THE BLOG
01/11/2013 03:29 pm ET Updated Mar 13, 2013

What Do Your Web Pages Say to Your Visitors?

Too many webmasters these days fall into a deceptively easy trap when it comes to creating effective website designs. They choose pretty colors and add pretty pictures -- basically, they design their sites to look good without any regard for proper marketing techniques!

And while this may accidentally result in a few truly effective website design schemes once in a while, there's a much better way to approach your site's construction!

One handy way to determine whether or not your site's design is helping you to meet your stated web business goals is to imagine holding a conversation with your pages. If your site is small, your homepage will be your most likely be the page most visitors use to enter your site. However, if you've designed multiple pages for products or landing pages for paid advertising campaigns, it's worth carrying out this analysis on each of these pages as well.

To start, take a look at your website's colors. Based on these colors alone, what conclusions can you draw about the site?

This is the first place where designing by desired appearance can get webmasters into trouble. In fact, colors carry powerful emotional and psychological meanings. When used incorrectly, your website's colors may interfere with how well your site's message is perceived and interpreted.

For example, think about the color red. Red is associated with energy -- so much so that when surrounded by it, you may find yourself feeling flushed and excited. Now, imagine that you've used red as a primary color on your day spa's website. Although it might look good, having an honest conversation with your website will reveal that the red you've chosen is hindering your ability to promote a relaxed, peaceful environment.

If you aren't sure what your website's colors are saying about its motivations and intentions, take some time to study up on color psychology. These principles can be incredibly powerful when used appropriately in website design!

Next, thoroughly examine your website's structure. Decades of viewing websites have trained users on how to sort professional, legit websites from their less qualified counterparts, and structure plays a big role in this subconscious decision making process.

To see this in action, take a look at the following two current website examples:

Although both websites come from professional organizations, the structure of the website used in the second example conveys this idea much more thoroughly.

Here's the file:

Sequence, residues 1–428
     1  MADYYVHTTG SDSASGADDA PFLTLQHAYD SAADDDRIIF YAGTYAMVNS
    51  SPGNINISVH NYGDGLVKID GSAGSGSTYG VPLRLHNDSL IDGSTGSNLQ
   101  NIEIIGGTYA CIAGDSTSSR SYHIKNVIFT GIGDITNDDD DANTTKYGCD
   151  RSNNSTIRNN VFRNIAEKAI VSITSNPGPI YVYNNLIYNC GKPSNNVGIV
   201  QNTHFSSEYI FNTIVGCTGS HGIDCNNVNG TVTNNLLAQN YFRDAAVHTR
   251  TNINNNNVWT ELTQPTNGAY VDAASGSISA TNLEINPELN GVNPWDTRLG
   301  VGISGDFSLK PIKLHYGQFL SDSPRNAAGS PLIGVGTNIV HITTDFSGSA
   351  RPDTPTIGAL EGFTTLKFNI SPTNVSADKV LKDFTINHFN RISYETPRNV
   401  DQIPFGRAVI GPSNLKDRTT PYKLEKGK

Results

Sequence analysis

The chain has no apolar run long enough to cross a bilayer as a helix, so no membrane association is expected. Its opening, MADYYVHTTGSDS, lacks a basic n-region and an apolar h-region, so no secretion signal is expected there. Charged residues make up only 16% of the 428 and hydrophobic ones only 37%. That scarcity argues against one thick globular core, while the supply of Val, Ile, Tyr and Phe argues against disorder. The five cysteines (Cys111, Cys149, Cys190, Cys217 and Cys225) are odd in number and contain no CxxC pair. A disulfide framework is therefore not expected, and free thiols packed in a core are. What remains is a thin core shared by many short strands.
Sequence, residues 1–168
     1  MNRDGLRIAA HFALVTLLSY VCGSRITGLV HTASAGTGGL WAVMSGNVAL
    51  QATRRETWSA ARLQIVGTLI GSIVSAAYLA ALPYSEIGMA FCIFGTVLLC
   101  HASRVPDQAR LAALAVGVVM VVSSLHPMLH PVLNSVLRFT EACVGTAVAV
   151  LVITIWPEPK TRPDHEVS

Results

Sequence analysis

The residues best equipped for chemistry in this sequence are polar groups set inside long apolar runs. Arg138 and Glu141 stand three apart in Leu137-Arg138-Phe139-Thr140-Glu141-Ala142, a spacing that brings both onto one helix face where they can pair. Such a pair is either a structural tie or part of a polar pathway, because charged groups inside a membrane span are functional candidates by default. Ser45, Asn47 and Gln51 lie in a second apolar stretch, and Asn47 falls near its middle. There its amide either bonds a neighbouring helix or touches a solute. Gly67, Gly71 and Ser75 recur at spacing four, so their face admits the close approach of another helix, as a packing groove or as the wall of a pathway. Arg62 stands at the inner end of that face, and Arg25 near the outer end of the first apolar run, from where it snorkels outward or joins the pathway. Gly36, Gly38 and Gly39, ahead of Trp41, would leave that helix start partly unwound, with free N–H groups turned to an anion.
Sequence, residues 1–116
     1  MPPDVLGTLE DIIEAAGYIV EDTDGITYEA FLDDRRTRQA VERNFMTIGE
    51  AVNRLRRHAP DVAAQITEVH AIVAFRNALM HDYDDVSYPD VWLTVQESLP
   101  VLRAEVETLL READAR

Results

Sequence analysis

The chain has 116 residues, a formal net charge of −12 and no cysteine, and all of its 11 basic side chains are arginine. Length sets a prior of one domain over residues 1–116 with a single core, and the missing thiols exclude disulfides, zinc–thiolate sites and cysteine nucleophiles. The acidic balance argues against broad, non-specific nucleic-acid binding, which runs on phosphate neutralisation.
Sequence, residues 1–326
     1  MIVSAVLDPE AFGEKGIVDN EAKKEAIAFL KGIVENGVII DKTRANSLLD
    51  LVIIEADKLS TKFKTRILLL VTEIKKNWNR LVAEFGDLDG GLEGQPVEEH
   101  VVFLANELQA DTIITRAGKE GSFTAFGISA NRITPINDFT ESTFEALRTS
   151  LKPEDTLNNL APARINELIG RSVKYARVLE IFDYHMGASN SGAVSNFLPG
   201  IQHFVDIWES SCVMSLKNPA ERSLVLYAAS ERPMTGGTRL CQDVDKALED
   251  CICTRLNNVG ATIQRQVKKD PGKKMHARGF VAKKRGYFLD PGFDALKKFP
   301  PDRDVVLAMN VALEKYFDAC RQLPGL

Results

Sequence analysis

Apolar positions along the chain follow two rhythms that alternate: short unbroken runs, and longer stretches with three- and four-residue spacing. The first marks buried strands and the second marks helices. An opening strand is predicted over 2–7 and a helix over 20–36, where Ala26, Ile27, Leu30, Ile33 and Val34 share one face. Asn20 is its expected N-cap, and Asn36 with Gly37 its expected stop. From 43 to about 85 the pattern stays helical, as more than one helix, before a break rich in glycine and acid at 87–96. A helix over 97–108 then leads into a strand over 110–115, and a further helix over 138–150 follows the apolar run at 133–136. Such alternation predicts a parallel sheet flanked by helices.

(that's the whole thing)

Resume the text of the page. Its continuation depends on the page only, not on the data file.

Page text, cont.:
So again, take a look at your website. Do the page layouts and structures you've chosen convey the image you'd like your brand to have in the public eye? If not, consider either making improvements to your existing design to reflect your structural ideals or replacing your site entirely. These days, the number of Wordpress templates available for sale makes this platform an excellent option for building professional-looking website quickly and easily. Finally, once you've analyzed your website's colors and layout, take a look at the content of landing pages. Landing pages are typically tied to online advertising.

Ideally, a landing page should be structured to encourage users to take one single, specified action. For example, you might want landing page visitors to purchase a product, or you may simply want them to fill out a lead generation form to receive more information or a future call from you. Whatever the case may be, it's best to concentrate on a single action in order to avoid sending mixed signals to your prospects.

With this in mind, look at your landing pages again with a fresh set of eyes. Based on the content you've included (and this might involve text blocks, images, graphic arrows and more), is it immediately obvious what action a visitor should take? If the action itself is clearly defined on the site, are the benefits of taking said action apparent as well?

If you don't feel that your landing page immediately conveys your desired action -- as well as why visitors should follow through on your request -- as clearly as possible.

#1 Go bare bones. Strip the page of all irrelevant information like additional call to actions, videos that automatically run when you land on a page, wording on the page that doesn't directly speak to visitors needs, etc. A bare bones page will also allow your call to action to be more visible on the page (remember to use a large button for your call to action).

#2 Use heat mapping tools to identify how visitors are viewing your page. This analysis should uncover on-site "hot spots" that show where viewers are focusing their attention and where, consequently, the most effective areas for your action items will be.

#3 Use A/B split testing to determine whether or not the modifications you've made have been effective or not. Doing so will ensure that any changes you make to your website aren't just being done to improve its appearance according to your perception, but that they're resulting in conclusive, measurable improvements to your website's overall performance.